This post is dated 02-May-2018 but is written on 07-May-2018. Most posts dated April were written several weeks later, because I went through most of the month not feeling stable enough to post every day. I find lately that posting is cyclical: I go through days without bothering, and then I do a massive catch-up, writing 3-4 retroactive posts a day. All because of a perverse need to continue the one-post-a-day streak that has been going since 25-jun-2007. That’s not a typo, I’ve managed one post a day for almost 11 years.
I don’t think the quality or content of a post deteriorates if it’s written days or weeks afterwards. If anything, I think it filters out the less interesting topics. I instapaper articles, videos, images that I find interesting and find that I delete around half when I come to writing about them, because I no longer find them worth writing about. There’s a recent guardian article about delaying reading the news for a few days. Because of the always-on 24/7 nature of the news cycle, mental exhaustion creeps in, and anxiety level increases.
Of the 45 troubling things you saw on Twitter this morning, two or three may prove to be signs of the rise of fascism/the destruction of the environment/the collapse of Brexit Britain. Yet the rest won’t.
I still read the news everyday, but I take my time. I don’t rely on twitter for breaking news, and I spend no more than 15mins a day on fb. By the time a news item has settled, then I feel like I can read more.
Still, why do I feel like I need to post everyday? I have no idea. Routine, may be. Fear that if I missed a day the momentum is lost. In a way, it’s the same mentality of regret that I felt when I missed nano2007. If only I just wrote rubbish, any rubbish, to get to 50k. It’s a missed event I can never get back.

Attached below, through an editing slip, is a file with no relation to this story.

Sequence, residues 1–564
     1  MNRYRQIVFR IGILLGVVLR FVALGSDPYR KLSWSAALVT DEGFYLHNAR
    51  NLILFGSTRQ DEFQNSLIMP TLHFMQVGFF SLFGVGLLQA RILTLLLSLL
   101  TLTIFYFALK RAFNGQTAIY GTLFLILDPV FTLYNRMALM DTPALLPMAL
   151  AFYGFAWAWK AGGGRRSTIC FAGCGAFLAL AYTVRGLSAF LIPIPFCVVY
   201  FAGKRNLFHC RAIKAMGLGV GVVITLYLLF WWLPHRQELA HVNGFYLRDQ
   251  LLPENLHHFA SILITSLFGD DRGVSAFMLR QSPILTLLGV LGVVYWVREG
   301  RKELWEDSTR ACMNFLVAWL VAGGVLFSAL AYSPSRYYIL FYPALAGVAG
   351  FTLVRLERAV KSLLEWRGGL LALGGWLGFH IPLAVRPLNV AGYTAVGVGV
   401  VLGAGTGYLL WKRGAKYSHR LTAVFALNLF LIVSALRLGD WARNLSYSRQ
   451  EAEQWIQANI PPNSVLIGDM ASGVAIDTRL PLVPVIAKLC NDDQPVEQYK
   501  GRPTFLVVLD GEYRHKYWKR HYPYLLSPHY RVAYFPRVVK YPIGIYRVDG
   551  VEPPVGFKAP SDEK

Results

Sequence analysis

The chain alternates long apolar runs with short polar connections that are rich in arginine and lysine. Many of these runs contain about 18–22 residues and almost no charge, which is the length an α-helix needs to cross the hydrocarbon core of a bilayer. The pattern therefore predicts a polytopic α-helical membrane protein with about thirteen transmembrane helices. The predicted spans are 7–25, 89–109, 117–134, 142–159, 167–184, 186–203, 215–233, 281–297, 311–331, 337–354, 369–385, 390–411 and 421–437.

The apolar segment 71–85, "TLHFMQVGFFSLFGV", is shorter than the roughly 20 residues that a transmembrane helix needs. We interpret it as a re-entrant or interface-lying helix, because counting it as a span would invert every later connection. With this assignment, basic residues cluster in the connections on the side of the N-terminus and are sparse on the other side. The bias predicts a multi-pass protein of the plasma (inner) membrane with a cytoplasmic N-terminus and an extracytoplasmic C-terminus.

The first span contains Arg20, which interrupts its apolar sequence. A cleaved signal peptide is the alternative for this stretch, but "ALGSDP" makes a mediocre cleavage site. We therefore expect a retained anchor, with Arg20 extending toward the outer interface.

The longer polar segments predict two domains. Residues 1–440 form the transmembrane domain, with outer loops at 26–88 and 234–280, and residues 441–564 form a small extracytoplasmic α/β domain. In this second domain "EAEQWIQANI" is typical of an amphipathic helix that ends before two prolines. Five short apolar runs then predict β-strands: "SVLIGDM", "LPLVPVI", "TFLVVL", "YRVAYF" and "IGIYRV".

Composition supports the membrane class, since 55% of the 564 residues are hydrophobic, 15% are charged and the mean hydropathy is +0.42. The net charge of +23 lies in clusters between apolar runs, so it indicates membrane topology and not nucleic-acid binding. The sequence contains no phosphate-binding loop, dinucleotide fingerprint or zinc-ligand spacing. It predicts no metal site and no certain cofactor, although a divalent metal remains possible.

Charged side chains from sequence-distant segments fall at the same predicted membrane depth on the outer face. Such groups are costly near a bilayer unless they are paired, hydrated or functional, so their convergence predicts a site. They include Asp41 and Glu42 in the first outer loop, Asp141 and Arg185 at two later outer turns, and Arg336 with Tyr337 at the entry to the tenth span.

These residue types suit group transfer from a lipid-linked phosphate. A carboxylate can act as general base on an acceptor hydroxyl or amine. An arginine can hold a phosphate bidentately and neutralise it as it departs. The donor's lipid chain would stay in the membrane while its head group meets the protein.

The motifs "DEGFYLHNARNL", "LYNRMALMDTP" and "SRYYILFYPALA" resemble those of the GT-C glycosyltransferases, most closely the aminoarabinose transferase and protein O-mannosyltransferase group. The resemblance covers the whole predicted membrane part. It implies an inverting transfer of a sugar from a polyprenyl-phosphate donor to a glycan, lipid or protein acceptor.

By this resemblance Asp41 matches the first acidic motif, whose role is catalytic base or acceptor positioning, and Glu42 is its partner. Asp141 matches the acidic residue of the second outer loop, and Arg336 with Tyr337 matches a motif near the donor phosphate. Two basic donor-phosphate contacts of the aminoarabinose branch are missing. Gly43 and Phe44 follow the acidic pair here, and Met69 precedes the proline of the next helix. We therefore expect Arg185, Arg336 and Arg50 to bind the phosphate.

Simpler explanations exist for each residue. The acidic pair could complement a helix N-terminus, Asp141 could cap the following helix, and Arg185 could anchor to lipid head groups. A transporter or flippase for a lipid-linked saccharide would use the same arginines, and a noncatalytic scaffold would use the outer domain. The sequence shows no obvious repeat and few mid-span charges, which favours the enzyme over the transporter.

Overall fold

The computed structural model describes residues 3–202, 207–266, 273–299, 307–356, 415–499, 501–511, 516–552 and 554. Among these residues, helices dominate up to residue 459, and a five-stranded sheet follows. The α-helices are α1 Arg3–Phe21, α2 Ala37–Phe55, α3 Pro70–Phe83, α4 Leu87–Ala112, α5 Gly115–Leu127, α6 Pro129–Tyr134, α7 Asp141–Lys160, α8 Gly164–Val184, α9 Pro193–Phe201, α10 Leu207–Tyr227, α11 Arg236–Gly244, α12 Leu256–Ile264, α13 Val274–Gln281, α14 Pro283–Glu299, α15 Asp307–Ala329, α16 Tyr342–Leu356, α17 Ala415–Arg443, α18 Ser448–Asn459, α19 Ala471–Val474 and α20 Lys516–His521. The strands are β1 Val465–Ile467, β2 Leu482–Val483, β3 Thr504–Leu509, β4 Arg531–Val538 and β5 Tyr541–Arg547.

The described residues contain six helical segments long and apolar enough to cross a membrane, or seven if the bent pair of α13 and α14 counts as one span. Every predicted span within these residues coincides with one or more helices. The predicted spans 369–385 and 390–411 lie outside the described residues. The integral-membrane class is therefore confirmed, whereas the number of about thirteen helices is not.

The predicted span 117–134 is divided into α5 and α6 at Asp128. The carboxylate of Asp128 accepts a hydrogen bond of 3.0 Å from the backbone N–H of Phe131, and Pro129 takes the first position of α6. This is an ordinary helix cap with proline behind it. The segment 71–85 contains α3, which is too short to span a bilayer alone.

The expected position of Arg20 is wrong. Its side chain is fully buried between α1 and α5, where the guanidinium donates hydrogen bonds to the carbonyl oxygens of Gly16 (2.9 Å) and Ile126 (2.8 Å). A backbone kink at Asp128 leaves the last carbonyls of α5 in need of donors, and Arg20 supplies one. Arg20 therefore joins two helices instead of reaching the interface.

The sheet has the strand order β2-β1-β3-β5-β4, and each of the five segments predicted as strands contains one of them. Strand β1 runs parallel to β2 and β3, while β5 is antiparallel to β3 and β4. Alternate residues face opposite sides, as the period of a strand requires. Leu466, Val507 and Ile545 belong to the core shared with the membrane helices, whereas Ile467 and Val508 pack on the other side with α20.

A few weeks ago, Jason Kottke wrote that blogging is almost certainly not dead and I find myself nodding in agreement. I didn’t get a chance to submit my website, but thousands of others did. One of them, karigee talked about why she’s kept her blog for 15 years:
I also keep it out of spite, because I refuse to let social media take everything. Those shapeless, formless platforms haven’t earned it and don’t deserve it. I’ve blogged about this many times, but I still believe it: When I log into Facebook, I see Facebook. When I visit your blog, I see you.
Emphasis mine, and how I agree.
Let’s look at the 25-jun-2007 post that started the streak. Entitled new old thoughts, it’s my usual jumble of weird thoughts. To my 2007-self’s credit, reading the post brings me back to my situation then. There was an upheaval at work, my last day was that week, and I’d booked myself on a month-long trip to the US and Chile, the first and only time I visited South America. It’s interesting to read about ex-colleagues, some of whom I have kept in touch with but most of them I haven’t.
The big trip is worth reading about, it started off on day 1 with a flight cancellation at JFK, where I had to sleep on the floor next to a vending machine overnight before rather recklessly deciding to drive to Chicago. Once I got to Chicago, we almost immediately hopped into the car to drive to Dallas, Fort Worth, and eventually to Washington DC to see the 4th of July fireworks and the museums. The Chilean leg of the trip was equally impressive, with skiing, wine train, and beaches. Holy moly, I did all that?
Anyway, going back to the post, this is how it ended:
But right now my brain is in a state of frozen limbo shock. I can’t believe I quit my job. I can’t believe I quit my job with no new job to go do. I can’t believe the things that our new management team is getting away with. I can’t believe I’m going on such a long trip. I can’t believe I basically have no plans beyond this July trip.
None of this is new. Nor is it a surprise.
Frankly, nothing has changed in almost 11 years.